My name is Sophie Crawford-Brown and I am going into my second year at Penn as a PhD student in Art and Archaeology of the Mediterranean World. Thanks to the generous support of the Penn Museum, I was able to excavate at a fascinating site in Italy this summer. The dig team was staying in a Medieval tower which (not surprisingly) had no internet connection, so I was not able to make regular posts. Now that I am back (better late than never!) I can share some of the experience I had.
The site is Cosa—a Roman colony founded in 273 BCE. It sits atop a large hill, and offers a commanding view of the sea below.
Cosa provides some of our best evidence for Republican architecture on the Italian peninsula, and boasts beautifully preserved city walls, temples, and a forum.
This summer marked the beginning of a new research initiative at the site, as a team of archaeologists from several universities set about excavating Cosa’s bath complex. Because most Roman houses did not have private baths, large public bathing facilities were a key ingredient of any Roman town. They provided a place where people could mingle, relax, and of course get clean! Cosa has no natural fresh water source, so part of our work involved studying the hydraulic systems created to supply the baths. Here is a photo of the team standing in a large reservoir near the baths—one of many constructions designed to collect and conserve water.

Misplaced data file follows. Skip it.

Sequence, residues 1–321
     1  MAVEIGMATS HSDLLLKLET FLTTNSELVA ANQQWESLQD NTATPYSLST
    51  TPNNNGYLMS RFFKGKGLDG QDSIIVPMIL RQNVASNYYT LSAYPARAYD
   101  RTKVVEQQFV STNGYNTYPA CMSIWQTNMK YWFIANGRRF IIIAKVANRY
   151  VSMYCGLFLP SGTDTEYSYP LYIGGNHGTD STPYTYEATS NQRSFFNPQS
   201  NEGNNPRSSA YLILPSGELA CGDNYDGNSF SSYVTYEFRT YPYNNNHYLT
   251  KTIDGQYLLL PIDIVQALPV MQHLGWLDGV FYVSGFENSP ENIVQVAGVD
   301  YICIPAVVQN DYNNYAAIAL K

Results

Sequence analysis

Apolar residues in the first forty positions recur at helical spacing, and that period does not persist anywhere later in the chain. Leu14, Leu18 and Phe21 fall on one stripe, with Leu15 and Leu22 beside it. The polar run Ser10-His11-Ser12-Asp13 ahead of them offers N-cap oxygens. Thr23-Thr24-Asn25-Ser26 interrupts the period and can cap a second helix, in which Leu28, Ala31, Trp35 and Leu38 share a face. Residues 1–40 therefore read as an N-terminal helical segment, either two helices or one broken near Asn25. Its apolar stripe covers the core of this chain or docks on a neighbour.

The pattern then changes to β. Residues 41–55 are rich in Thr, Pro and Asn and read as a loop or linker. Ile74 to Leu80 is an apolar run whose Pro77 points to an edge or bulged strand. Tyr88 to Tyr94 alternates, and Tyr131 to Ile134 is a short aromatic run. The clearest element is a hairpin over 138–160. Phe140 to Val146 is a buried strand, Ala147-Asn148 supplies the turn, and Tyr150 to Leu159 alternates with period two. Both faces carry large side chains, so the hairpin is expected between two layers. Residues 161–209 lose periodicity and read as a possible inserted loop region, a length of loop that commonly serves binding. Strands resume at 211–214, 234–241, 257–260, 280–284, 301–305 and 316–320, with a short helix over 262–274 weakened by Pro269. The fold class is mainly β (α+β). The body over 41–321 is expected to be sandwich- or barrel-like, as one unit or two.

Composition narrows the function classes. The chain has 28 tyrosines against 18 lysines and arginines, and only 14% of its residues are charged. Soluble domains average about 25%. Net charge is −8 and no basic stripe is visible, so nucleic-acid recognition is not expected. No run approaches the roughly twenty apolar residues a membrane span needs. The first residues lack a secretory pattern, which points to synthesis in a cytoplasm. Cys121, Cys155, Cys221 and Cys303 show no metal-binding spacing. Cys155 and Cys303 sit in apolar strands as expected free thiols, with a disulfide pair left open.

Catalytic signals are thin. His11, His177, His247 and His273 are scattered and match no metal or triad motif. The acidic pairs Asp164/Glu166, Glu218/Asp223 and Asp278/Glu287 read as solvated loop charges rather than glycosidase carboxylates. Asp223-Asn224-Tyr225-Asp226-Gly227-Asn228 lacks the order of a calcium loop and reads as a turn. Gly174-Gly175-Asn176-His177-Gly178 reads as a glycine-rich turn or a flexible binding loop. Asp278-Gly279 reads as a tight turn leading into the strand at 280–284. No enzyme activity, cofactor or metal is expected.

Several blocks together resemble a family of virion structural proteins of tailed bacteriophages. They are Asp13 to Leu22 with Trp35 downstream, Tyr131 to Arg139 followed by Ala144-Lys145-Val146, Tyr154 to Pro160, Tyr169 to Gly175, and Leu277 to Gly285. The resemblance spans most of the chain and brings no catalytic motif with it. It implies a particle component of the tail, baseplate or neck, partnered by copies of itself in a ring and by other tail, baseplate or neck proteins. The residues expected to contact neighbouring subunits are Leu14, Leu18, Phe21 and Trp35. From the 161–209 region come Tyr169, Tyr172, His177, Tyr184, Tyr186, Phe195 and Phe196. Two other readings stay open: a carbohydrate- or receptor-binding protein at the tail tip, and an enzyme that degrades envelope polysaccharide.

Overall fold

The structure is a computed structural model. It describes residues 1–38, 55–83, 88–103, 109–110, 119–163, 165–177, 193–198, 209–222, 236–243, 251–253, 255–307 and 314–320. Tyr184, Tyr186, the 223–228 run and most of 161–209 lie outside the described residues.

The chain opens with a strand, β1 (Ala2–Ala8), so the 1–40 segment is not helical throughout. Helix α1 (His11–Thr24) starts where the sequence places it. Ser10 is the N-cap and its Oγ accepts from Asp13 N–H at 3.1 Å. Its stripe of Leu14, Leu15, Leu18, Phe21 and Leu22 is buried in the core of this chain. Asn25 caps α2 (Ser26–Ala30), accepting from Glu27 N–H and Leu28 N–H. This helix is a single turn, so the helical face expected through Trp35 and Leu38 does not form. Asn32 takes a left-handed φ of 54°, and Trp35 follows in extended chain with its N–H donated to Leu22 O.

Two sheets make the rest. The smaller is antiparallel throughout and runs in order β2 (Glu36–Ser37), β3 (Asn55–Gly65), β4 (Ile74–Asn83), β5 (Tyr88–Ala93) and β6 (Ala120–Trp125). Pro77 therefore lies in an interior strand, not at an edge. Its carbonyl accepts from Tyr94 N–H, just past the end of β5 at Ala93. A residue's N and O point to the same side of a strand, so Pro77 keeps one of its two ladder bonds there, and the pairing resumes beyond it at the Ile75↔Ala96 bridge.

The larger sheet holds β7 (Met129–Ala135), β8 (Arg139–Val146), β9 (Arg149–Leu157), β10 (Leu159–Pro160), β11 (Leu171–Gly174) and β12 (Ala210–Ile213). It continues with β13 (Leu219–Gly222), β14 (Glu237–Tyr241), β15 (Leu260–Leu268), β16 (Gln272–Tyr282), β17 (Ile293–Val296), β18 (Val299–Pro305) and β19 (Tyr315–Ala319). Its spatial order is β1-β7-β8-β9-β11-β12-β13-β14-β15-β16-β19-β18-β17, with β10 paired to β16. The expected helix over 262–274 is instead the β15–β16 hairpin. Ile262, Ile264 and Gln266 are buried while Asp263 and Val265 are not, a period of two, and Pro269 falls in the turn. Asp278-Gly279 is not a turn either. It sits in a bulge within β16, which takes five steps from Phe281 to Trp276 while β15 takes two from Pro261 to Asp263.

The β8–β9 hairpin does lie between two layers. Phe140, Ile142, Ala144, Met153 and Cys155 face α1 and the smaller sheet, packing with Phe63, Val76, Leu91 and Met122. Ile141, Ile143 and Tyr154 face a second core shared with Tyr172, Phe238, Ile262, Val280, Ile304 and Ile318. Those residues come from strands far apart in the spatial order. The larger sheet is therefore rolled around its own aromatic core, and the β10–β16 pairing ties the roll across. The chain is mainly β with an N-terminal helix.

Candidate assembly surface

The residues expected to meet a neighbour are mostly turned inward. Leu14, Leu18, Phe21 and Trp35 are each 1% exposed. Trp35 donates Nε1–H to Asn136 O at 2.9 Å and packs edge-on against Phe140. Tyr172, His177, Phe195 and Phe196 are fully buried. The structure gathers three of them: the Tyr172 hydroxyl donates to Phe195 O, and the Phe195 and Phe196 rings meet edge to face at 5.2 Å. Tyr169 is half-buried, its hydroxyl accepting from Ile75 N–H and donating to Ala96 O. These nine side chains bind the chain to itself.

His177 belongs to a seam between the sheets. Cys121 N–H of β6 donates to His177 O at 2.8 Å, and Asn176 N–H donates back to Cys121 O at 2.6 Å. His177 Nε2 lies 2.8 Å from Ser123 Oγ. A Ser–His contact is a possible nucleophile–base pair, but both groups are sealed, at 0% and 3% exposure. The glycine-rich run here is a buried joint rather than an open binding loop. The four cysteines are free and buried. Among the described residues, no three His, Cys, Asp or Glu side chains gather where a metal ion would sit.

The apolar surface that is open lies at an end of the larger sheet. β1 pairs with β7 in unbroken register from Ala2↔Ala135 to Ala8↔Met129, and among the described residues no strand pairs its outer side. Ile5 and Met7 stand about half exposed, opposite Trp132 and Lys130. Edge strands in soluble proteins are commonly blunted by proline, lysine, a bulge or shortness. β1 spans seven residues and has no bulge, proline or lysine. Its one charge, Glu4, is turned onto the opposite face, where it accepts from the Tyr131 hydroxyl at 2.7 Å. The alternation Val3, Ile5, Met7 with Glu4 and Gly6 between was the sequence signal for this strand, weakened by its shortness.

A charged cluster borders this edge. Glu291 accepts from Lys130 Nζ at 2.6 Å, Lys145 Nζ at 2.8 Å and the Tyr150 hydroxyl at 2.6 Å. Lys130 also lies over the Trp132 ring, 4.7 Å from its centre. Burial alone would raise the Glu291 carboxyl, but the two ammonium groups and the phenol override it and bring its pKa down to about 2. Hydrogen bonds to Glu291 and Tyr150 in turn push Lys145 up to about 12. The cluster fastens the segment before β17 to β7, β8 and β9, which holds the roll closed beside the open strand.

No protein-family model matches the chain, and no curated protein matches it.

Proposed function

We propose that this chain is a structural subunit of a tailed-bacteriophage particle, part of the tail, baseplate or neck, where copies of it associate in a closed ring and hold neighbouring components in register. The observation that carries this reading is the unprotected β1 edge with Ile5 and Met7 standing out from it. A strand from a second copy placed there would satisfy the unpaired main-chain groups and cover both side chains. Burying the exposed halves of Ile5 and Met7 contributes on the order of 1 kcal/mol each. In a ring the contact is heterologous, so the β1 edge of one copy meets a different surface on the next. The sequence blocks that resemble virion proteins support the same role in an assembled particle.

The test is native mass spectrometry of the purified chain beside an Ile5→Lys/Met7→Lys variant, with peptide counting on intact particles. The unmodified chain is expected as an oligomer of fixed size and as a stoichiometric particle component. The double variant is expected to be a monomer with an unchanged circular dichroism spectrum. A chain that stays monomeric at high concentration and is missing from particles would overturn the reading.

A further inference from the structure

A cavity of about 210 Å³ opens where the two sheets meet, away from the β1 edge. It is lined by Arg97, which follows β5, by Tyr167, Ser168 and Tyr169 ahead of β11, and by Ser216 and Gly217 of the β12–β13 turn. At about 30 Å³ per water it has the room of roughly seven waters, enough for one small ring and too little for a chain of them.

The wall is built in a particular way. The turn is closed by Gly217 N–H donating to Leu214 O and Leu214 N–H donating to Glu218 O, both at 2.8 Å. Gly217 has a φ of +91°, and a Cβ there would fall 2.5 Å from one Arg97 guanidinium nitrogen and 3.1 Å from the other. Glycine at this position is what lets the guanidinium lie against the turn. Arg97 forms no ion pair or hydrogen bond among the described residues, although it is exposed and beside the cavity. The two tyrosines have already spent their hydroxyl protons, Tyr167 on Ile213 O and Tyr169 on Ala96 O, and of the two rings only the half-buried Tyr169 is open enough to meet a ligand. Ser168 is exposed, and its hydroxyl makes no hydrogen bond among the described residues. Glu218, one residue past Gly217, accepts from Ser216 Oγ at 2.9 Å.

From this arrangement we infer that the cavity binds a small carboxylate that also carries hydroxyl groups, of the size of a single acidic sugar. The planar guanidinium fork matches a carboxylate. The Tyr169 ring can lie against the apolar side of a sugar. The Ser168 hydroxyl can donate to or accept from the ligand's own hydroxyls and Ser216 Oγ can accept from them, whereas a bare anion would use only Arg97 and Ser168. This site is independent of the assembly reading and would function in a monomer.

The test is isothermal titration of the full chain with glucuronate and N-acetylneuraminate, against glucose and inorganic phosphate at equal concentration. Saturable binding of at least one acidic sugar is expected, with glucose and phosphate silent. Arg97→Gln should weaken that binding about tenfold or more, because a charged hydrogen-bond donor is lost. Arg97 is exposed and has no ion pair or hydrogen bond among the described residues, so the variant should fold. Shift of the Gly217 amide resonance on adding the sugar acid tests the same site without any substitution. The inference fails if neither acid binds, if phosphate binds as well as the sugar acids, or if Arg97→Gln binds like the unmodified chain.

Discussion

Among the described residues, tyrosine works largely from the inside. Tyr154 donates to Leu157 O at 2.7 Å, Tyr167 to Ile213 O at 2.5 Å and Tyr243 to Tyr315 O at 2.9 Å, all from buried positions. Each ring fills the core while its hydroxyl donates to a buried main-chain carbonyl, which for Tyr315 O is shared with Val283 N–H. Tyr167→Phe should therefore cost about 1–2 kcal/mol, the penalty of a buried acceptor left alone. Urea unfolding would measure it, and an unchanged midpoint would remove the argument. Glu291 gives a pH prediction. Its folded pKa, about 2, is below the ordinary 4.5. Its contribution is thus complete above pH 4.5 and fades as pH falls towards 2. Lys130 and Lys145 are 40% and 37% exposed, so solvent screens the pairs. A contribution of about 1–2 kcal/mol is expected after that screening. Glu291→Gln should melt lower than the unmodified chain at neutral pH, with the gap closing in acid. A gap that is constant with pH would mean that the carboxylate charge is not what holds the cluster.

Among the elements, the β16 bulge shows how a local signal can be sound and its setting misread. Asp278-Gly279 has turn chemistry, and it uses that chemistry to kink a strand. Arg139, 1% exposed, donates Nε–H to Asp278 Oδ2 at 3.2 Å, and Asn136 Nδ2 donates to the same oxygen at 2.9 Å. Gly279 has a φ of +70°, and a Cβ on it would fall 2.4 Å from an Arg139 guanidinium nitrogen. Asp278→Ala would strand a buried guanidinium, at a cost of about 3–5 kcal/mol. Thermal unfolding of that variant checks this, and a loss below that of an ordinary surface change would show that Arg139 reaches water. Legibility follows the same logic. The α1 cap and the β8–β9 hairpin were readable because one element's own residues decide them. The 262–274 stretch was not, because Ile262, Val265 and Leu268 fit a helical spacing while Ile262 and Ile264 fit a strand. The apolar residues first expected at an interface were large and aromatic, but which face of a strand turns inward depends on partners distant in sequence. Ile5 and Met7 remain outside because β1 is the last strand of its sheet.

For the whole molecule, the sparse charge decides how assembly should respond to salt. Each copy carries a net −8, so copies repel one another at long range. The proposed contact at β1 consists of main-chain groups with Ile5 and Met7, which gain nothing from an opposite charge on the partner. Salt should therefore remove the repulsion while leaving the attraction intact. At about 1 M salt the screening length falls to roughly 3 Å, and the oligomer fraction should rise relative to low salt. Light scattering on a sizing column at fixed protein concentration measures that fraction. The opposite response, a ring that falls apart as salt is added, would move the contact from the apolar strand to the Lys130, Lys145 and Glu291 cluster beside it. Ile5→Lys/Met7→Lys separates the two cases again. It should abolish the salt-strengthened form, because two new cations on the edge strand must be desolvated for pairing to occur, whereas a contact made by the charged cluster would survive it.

Another very exciting project underway at Cosa is the conservation of mosaics at the so-called “House of Diana.”
To see more images of our work at the site, explore Cosa’s facebook page: https://www.facebook.com/cosa.excavations?fref=ts